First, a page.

The first night of Florida Philanthropic Network’s 2012 Statewide Summit on Philanthropy featured something new at the Summit: A Dinner & A Movie event, sponsored by Wells Fargo. We screened the Emmy-winning American Experience PBS documentary Freedom Riders. After the movie we had a discussion with Dr. Ray Arsenault of the University of South Florida-St. Petersburg, whose book was the basis for the movie, and former Freedom Riders David and Winonah Myers.
The documentary itself was moving, disturbing, intriguing and inspiring – it’s easy to see why it won three Emmys last year. It shared details I never knew about six months in 1961 when more than 400 black and white Americans risked their lives for simply traveling together on buses and trains as they journeyed through the Deep South. After facing brutal beatings, extended jail time in sometimes harsh conditions, burned buses and life-threatening showdowns with angry mobs, these brave young men and women ultimately succeeded in removing segregated sections on all interstate buses and trains and all bus and train stations and facilities.
Even more inspiring to me than the movie was to hear from Dr. Ray Arsenault and David and Winonah Myers, an elderly white couple who are now living in Bradenton, Florida. The first question they are always asked is why they decided to go on the Freedom Rides. As Winonah explained, both she and David grew up in extreme poverty. They met while they were attending Central State University, an Historically Black College in Ohio that was able to provide them a college education they could afford. All of their college professors and advisors were black. “They were our counselors, our mentors, our heroes and our friends; they broadened our outlook and introduced us to a whole new world,” Winonah said, her voice cracking and tears welling up in her eyes as she spoke. Yet these were the same people who were being barred from restaurants, beaten and worse. “That was just too much for us to bear,” Winonah said.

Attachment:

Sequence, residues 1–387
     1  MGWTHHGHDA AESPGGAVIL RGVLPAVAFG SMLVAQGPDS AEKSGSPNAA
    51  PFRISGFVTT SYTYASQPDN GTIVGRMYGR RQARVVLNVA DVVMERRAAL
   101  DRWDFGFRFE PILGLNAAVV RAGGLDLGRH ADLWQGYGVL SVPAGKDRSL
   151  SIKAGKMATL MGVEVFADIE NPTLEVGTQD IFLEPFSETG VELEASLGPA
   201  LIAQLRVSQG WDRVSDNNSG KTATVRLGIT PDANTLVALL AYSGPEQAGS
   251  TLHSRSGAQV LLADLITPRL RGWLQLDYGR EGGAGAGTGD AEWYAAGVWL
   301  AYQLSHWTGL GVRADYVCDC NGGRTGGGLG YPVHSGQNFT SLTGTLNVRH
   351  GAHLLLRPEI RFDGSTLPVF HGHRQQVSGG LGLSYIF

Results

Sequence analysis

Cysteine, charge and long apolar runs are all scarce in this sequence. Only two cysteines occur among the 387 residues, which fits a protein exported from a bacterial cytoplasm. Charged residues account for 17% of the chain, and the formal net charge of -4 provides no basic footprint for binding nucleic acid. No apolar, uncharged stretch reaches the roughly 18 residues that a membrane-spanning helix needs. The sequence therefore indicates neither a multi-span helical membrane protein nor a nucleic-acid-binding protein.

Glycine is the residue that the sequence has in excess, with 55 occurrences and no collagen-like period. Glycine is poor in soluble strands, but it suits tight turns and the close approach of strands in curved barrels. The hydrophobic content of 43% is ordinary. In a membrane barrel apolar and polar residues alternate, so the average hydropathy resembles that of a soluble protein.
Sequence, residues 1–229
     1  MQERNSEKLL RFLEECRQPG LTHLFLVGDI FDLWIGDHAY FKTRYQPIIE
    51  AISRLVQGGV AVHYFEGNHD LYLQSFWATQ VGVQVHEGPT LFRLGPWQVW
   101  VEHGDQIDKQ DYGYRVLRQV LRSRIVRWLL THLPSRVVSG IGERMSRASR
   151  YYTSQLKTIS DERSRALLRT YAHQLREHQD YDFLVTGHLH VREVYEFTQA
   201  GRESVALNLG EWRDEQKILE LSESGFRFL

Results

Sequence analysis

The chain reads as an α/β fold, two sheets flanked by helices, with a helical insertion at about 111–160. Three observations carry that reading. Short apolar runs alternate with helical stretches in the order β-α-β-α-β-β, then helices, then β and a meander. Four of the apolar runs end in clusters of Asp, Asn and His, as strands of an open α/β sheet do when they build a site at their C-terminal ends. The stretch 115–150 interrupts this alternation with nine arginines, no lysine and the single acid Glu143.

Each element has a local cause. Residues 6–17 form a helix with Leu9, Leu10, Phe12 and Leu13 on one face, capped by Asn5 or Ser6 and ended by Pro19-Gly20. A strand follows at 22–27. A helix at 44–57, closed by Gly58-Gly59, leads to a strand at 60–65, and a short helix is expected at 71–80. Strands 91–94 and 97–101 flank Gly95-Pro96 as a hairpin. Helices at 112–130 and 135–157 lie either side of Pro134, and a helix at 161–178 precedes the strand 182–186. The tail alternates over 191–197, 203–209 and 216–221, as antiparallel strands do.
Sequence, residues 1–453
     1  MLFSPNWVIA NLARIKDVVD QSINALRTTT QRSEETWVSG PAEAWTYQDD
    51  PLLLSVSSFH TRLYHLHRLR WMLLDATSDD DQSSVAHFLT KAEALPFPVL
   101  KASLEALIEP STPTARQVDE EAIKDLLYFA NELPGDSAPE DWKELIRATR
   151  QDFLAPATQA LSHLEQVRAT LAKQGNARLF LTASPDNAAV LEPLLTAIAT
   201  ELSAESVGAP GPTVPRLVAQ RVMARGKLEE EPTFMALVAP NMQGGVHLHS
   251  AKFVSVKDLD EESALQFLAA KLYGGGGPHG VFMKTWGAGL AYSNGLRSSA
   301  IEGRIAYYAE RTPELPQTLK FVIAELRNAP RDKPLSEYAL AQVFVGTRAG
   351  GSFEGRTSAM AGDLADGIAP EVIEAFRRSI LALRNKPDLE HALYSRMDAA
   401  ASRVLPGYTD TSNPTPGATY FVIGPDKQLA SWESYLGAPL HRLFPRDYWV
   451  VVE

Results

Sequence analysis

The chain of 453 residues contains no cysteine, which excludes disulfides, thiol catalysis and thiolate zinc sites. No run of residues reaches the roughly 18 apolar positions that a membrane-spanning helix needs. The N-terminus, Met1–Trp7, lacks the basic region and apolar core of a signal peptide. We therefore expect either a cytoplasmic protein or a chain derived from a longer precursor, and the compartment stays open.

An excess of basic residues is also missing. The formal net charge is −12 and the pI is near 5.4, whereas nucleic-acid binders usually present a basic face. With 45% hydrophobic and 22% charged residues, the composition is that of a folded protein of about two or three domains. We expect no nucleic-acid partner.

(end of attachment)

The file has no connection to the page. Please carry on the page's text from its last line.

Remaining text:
Dr. Arsenault noted that the remarkable thing about all 400+ Freedom Riders was that they were all seemingly ordinary people, but there was something about all of them that was extraordinary. That clearly holds true for David and Winonah Myers – a more inspirational, kind and humble couple you will not meet. The Freedom Riders movement set the stage for greater civil rights victories down the road, yet the story is not as widely known as it should. Many thanks to Dr. Arseanult and David and Winonah Myers for sharing their story with us. As we all struggle to alleviate the many problems facing our communities and our state today, there are many lessons we can take away from the courage of the Freedom Riders.
– David Biemesderfer, President & CEO, Florida Philanthropic Network